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Ghana without waste; it is possible

If Rwanda has done it successfully devoid of the developmental challenges that confront African countries, then surely, as our peer, Ghana can do it too. 

A country without waste is how I refer to that central African country based on its success story in dealing squarely with beautification, general cleanliness of public spaces and plastic waste in particular.  There is apparently zero tolerance for plastics in that country.

For friends who have visited, Kigali the capital is one of the cleanest, if not the cleanest, in Africa. All that has been achieved through a strict legal regime concerning the use of plastics and indiscriminate littering in that country.

Plastic carrier bags are not tolerated in shops and supermarkets and so people shop with their paper or other bags. If one travels into that country with a plastic bag in one’s luggage, it is taken away before the passenger exits the airport.

Plastic waste

On reflection, I believe Ghana also can do it and become a country without waste, particularly, plastic waste which now has reached intolerable levels.

When recently I raised the topic of plastic waste with a scientist friend of mine, he bemoaned our general lackadaisical attitude to outlaw non-degradable plastic use in our country. He reminded me that Rwanda and those countries looking clean and beautiful have remained so with an actionable law in place.

My friend went on to cite the damaging effect the next generation of Ghanaians will face with a non-productive land, infertile for any kind of cultivation, if the use of non-degradable plastics is not banned in the country.

He said that over the years, a red flag on the problem of plastic pollution has been flagged but the political will to outlaw plastic use has always fallen on deaf ears. To him, it is the easiest solution to solving the issue of waste confronting us.

Environment

As it is, manufacturers and importers of plastic-based materials and products continue to take advantage with an emboldened spirit to flourish their businesses irrespective of the unethical consequences for the environment.

Unfortunately, the sad effects of some types of plastic pollution in the environment which I learnt to my chagrin, is that they can stay in the ground for as long as 50 to 100 years rendering the environment unproductive for any form of cultivation.

That is why responsible environmentally conscious organisations and individuals aware of the dangers of plastic dumping in the environment have started making efforts to minimise or eliminate the use of plastics by introducing recycling initiatives in their business strategies.

One accepts that plastic usage has become a dangerous habit and a silent killer and so the minds of consumers need to be weaned off plastic usage. Bad habits could be hard nuts to crack but it is a possibility if consciences are pricked and alerted to the danger the habit can pose now and into the future.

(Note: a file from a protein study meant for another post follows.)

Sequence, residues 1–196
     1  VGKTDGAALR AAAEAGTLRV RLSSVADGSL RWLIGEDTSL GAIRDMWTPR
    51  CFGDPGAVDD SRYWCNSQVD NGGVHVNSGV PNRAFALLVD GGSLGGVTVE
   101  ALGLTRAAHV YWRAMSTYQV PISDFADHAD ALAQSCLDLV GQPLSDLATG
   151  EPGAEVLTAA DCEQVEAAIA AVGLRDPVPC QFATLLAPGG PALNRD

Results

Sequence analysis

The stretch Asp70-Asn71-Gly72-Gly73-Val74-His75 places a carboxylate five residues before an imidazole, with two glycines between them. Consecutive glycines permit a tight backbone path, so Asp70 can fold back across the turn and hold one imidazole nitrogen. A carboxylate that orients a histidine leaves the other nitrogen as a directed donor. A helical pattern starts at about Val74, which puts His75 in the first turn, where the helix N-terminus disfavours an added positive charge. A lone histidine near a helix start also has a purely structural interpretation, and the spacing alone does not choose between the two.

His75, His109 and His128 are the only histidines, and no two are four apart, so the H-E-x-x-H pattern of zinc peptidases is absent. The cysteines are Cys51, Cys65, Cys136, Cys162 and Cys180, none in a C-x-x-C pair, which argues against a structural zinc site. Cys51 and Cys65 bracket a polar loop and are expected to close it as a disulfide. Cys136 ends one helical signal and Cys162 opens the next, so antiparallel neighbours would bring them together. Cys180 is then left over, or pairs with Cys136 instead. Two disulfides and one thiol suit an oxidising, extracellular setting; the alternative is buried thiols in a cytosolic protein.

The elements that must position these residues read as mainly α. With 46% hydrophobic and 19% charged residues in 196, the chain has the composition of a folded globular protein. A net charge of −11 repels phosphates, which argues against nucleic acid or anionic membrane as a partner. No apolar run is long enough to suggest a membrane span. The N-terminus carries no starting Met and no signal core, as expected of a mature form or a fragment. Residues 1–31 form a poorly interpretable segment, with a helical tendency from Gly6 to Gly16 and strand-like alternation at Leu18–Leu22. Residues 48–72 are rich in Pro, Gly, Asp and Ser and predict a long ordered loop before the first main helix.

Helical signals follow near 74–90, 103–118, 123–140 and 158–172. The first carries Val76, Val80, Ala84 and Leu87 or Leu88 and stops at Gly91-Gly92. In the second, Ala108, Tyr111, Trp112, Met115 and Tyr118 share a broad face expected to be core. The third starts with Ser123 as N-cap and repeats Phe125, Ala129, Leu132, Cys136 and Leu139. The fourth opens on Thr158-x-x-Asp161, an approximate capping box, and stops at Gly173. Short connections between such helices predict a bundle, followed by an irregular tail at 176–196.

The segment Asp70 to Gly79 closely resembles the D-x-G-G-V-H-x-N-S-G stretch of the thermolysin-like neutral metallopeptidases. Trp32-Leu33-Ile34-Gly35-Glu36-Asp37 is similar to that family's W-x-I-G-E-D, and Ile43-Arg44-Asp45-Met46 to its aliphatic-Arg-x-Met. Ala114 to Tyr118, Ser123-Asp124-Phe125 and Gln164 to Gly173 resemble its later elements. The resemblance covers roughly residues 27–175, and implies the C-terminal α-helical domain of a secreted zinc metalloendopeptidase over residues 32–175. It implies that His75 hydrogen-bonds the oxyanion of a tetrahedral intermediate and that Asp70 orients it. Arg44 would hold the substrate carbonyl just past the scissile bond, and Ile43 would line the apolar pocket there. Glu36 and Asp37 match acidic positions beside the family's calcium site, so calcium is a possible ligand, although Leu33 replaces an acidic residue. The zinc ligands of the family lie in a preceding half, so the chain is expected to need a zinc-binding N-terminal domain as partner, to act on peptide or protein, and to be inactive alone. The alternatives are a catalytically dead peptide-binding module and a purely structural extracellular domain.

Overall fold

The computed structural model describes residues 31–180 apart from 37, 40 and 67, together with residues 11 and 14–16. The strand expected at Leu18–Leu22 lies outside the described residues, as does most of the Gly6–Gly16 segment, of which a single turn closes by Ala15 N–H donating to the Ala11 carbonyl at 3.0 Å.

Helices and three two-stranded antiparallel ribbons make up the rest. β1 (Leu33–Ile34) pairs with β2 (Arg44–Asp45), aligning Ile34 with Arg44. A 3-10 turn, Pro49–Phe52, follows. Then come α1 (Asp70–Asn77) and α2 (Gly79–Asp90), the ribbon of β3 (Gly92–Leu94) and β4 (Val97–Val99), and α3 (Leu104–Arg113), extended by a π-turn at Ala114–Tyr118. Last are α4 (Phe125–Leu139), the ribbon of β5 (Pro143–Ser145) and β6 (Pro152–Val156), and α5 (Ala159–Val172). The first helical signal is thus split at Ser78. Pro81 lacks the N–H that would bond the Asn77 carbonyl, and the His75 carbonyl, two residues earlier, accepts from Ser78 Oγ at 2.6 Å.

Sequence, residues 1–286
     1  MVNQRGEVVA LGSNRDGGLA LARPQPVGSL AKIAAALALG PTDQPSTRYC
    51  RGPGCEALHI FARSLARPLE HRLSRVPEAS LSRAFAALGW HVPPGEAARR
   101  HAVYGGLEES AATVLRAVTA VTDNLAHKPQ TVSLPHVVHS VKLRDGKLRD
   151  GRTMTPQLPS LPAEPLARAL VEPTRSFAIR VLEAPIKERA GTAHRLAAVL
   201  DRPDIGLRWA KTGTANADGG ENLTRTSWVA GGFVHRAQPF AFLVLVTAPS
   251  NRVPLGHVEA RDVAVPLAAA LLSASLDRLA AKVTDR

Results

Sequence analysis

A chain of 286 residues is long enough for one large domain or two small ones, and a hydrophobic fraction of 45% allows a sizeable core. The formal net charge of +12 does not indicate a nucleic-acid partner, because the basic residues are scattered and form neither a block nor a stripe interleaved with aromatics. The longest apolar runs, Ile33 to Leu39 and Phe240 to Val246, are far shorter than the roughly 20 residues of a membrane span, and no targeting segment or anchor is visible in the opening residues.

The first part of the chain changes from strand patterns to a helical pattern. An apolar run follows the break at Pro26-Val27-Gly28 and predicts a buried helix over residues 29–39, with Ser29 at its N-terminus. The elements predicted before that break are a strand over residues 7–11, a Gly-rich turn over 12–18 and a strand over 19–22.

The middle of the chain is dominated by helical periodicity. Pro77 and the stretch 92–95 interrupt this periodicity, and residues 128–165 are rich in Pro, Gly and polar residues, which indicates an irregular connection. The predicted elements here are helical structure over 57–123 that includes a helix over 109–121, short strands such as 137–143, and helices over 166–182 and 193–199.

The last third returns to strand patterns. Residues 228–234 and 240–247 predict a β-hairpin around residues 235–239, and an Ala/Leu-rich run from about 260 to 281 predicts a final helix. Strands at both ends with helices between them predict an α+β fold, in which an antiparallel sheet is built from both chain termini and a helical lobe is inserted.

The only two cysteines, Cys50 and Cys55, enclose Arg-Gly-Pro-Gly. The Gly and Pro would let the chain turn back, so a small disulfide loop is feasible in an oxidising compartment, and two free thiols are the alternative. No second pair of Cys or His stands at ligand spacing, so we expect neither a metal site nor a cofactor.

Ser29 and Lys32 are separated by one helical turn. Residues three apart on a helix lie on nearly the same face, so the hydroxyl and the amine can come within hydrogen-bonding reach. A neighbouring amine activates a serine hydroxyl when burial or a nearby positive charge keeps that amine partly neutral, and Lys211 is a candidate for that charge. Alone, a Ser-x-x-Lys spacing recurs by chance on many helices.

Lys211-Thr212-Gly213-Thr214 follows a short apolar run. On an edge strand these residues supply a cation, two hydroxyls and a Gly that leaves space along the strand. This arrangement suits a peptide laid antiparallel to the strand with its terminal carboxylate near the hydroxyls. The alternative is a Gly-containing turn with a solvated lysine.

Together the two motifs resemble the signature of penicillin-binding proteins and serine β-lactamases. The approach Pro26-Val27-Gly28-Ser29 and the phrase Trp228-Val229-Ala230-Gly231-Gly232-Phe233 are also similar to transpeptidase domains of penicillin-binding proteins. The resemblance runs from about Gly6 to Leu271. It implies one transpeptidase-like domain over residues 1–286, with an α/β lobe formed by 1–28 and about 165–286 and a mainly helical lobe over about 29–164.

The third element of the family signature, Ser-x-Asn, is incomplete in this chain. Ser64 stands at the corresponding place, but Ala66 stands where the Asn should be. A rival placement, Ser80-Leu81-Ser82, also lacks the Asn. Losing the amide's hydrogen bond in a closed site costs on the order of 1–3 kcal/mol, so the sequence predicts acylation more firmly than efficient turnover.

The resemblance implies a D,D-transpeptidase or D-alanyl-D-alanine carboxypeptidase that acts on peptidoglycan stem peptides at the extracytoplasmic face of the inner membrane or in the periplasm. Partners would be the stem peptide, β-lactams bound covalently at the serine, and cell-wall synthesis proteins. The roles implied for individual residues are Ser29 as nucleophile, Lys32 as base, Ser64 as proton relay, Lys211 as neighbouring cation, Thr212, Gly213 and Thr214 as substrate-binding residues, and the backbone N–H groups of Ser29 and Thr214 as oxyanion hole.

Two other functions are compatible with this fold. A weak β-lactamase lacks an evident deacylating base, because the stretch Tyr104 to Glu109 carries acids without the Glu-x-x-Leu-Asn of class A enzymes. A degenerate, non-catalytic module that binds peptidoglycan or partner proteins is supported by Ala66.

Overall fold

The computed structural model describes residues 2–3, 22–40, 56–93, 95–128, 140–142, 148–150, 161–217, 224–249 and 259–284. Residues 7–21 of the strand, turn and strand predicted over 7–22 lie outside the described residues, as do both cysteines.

Responsible corporations

The journey to unveiling the possibilities in dealing with the plastic menace in our environment is what has led some responsible corporations around the world to focus due attention and resources as part of their sustainable developments in communities in which they do business. Some of such sustainable initiatives include the buying back or collection of their plastic waste for recycling.

But not only that. Going further, those businesses are also aiming to use at least 50 per cent of the recycled materials in their packaging.

For total plastic waste eradication from our system, we would need actionable laws on plastics. Laws that make the manufacturing of plastics or the importation of plastics into the country are what we need to save our environment. If they are not available, no one has access to them. It is that simple.

Our ports of entry would do us great favour ensuring critical inspections are carried out on all imports into the country and sanction any importer who flouts the law. The country should have strict quick punitive measures against anyone who flouts the laws on plastics it is passed.

SDGs

As part of the global community, Ghana has signed on to the global Sustainable Development Goals (SDGs). As such, we have set objectives to ensure we achieve some of the targets of which a sustainable environment is one.

Though not specifically highlighted as such, a collection of actions including SDG Goal 14: Life below water, part of which specifically relates to reducing impacts from marine plastic pollution.

Other synergies including SDG 13 on climate action, SDG 3 on health and SDG 11 on cities and communities are all impacting on how we care for the environment and consequently, the resulting impact on the health of citizens.

Zero tolerance for waste in general and plastic waste in particular is a possibility for Ghana.  We need a law passed. We need the Ministry of Trade and Industry and the Association of Ghana Industries (AGI) to begin to give attractive incentives and recognition to businesses in Ghana that have taken or will take proactive initiatives to curb the plastic menace, including plastic recycling.

All that action, we should be on our way to a Ghana without plastic waste.

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